He really had no idea, thinking we were going to have dinner at his son's. I still don't know what made him pull out all the stops and dress up like that. The pocket watch used to belong to his grandfather.

Ok, that's it, he's now been taking over my blog for long enough!

Let me show you what I wore!


I opted for a maxi dress with three quarter fluted sleeves and a fabulous print of blue and pink flowers and orange and blue stripes. It's got not one but two labels: one says M. Fischer, Paris and the other Femina, Limoges. Sounds posh, but what is that all about? Googling didn't get me anywhere.

We had quite a full-on weekend, as on Sunday we had a flea market to go to.



Dithering in front of my wardrobe and  dismissing several options, I finally chose this Lucie Linden two piece with a brocade-like flower pattern in citrus colours.

Underneath, I wore a turquoise three-quarter sleeve top, and I accessorized with orange beads (charity shopped in Wales), an orange and green print silk scarf (charity shopped), turquoise plastic flower ring (flea market) and a green squirrel brooch, which was bought new from a delightful shop in Antwerp.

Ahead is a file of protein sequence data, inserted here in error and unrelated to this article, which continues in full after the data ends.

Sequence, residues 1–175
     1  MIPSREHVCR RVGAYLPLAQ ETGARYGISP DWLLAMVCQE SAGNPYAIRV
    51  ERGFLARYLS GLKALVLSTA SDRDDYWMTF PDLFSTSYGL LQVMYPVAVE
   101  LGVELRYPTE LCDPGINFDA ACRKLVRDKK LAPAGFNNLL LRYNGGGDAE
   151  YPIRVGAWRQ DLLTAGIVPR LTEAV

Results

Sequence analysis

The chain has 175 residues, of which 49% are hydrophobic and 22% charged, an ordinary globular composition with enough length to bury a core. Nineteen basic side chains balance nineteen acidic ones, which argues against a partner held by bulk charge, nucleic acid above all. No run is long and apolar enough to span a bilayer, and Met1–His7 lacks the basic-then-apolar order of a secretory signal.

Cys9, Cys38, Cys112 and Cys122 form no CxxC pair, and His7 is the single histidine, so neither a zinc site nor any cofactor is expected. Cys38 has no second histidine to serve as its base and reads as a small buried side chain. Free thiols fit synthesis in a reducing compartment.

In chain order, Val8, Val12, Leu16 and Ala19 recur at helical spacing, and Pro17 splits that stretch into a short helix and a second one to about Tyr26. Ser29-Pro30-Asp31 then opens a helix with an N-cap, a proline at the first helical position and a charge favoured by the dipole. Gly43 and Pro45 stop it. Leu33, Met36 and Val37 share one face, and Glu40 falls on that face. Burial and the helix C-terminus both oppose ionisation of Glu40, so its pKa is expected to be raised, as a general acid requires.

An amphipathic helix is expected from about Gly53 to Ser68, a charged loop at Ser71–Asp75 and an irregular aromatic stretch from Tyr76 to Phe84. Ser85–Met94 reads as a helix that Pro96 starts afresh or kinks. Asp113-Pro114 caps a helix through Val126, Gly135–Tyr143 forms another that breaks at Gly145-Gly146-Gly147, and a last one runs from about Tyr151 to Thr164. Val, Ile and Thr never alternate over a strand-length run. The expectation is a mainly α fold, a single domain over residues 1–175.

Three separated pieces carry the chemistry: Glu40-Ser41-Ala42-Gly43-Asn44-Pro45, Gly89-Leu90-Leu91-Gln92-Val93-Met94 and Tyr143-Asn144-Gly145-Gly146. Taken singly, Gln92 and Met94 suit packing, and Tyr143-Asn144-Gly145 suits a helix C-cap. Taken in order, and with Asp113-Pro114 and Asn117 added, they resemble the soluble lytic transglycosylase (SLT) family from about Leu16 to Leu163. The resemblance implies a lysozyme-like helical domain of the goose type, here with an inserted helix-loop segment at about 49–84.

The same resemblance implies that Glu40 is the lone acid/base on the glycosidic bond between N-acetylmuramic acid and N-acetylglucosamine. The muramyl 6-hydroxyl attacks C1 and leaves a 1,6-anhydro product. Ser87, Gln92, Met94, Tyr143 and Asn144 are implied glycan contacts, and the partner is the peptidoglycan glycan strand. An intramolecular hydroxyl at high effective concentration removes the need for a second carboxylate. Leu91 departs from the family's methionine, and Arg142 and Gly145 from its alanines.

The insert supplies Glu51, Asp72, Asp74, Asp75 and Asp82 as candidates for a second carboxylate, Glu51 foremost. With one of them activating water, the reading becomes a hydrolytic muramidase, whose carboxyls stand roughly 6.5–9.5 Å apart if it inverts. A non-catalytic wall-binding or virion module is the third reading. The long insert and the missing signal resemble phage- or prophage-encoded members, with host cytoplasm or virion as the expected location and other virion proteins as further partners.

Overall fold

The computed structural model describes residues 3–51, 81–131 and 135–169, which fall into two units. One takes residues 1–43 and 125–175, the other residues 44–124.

The suit turned out to be a show stopper, and I was complimented on it quite a few times that day.

At first sight, the flea market seemed to be in full swing, but it wasn't very crowded and some of the sellers complained bitterly.

Now, without further ado, let me show you what I found:


The cherry brooch is 1950s and the cheap 'n cheerful cup and saucer one was found at the bottom of a carton. The seller looked at it as if she'd never seen it before.



I'm quite taken with the Lucite necklace, which came from the same seller.

Top right is the ultimate pussy bow top, printed with red-eyed Phoebes.

I'd seen the burgundy bag, with its Lucite handles, in one of the first aisles, but having quite enough handbags already, I didn't immediately buy it. Before we went home, I went back for it, though.



On the bottom right is a vintage enamel lunch box, made in Germany, for our kitchenalia collection.

Our last two finds came from one of our favourite sellers, Ilona.

Top left and right is a child's embroidery set, which came in a cute vinyl case. How I would have loved this as a girl, even though I was rubbish at sewing. It's hard to resist such vinyl cases, and I have several of them in my vintage Barbie doll collection.